Taylorism and Economic Efficiency in the 1920s


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The new prosperity was indebted, in part, to efficiency engineer Frederick "Speedy" Taylor (1856-1915), considered the founder of "the theory of scientific management." Many ideas about the scientific management of work and the work place current during the twenties had evolved in the three preceding decades under Taylor's leadership. In the 1920s, adaptations of Taylor's ideas supplied the motor driving the economy to fruition in production and distribution of goods on a mass scale.

Despite labor's abhorrence of the "speeding up" practices associated with Taylor's efficiency revolution in production and the keying of wages to measurable standards of efficiency as determined by time and motion studies, some version of these ideas gradually became standard and even generally accepted, even among workers. In a 1926 Encyclopedia Britannica entry for "Mass Production", the author, "HF," presumed to be Henry Ford, brilliantly analyzes the impact of the tenets of the early twentieth century "efficiency movement" on mass production on the assembly line in the automobile industry. Even workers cooperatives, such as those formed by farmers, were operated on Tayloresque assumptions. (DETAIL NOTE Cooperatives)

While initially Taylor's ideas had an impact primarily on the development of more scientific methods of industrial production, subsequently, a modified Taylorism helped shape the direction taken by both American business and government towards ever greater management efficiency, the gathering of exact information, and a "war" to eliminate waste. (INTRODUCTORY NOTE Herbert Hoover) Eventually, as the selections offered here fromThe Bulletin of the Taylor Society make clear, the principles of a modified Taylorism were applied widely throughout the economy, beyond the shop and the factory -- to offices in government and the private sector, department stores, automobile servicing stations, and in broader product-marketing efforts involving distribution, sales and advertising. (DETAIL NOTE Herman Hollerith)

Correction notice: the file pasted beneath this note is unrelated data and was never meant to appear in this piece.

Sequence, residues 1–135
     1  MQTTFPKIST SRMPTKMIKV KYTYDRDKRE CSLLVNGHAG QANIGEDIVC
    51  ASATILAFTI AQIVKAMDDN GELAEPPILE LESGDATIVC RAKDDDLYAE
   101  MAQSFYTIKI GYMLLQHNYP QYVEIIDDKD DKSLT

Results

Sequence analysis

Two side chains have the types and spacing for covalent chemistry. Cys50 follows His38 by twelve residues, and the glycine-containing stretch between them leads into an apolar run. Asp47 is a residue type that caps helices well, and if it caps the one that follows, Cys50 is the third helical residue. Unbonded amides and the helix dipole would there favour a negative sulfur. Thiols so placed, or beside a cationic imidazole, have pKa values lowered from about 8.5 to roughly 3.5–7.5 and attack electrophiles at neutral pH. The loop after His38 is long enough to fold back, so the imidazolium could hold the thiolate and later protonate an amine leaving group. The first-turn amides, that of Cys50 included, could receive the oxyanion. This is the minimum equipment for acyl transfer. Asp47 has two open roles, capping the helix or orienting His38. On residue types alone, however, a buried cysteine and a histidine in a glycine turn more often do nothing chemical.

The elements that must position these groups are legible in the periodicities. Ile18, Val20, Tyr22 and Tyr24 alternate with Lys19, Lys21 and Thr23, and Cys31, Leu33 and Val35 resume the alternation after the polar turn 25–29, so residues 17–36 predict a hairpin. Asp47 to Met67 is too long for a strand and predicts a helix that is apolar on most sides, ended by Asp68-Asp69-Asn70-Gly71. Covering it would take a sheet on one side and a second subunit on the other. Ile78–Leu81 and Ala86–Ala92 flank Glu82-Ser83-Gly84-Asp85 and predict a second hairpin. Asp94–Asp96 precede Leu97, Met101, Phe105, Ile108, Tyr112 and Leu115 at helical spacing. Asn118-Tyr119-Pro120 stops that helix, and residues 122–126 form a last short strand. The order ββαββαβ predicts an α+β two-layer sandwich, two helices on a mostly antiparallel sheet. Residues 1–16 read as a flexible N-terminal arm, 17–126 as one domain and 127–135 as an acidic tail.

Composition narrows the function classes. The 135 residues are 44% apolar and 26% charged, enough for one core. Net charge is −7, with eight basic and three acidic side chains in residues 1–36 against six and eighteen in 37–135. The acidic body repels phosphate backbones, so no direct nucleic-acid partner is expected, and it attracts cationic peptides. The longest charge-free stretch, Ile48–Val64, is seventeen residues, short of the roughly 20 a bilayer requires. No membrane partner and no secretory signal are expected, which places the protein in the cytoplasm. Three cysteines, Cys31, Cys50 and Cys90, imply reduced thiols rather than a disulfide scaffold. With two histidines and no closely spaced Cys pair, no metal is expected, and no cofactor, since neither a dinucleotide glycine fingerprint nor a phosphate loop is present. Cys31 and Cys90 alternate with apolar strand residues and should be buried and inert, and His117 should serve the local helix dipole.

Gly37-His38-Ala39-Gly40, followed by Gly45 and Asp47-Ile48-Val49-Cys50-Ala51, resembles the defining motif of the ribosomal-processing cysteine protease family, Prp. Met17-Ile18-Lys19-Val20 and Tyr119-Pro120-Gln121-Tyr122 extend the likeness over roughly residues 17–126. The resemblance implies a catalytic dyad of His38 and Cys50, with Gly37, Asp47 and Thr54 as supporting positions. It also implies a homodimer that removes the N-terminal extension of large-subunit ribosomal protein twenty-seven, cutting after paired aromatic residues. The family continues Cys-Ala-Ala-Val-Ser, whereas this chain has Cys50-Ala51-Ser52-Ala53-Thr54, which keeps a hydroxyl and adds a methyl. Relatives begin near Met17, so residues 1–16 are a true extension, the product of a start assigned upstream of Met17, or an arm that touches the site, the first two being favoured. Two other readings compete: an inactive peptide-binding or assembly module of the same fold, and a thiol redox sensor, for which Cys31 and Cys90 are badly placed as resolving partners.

Taylor's ideas also took root in the home -- in the realm of "domestic economy" -- where they bore fruit in such applications as "the science of household management." (INTRO NOTE The Home) The supposed goal of instituting efficiency science in the home was to help women cut down on the amount of time spent in housework and lessen the drudgery.

Christine Frederick, a consulting household editor of Ladies' Home Journal, was a major popularizer of Taylor's ideas in relation to the home. In 1912, she published The New Housekeeping: Efficiency Studies in Home Management (not included in this collection), whose second chapter is titled "Applying 'Standard Practice' and 'Motion Study' to Household Tasks." Then in 1915 came her correspondence course Household Engineering: Scientific Management in the Home (not in this collection), in the dedication to which she tips her hat to "the gospel of home efficiency," a phrase that hints at the age's tendency to see matters material and spiritual as interconnected. (INTRO NOTE Spirituality) Her magnum opus, Selling Mrs. Consumer (1929), included in our collection, is an indispensable source of information about consumers, what they cared about, and how they could be systematically appealed to. (DETAIL NOTE Christine Frederick)


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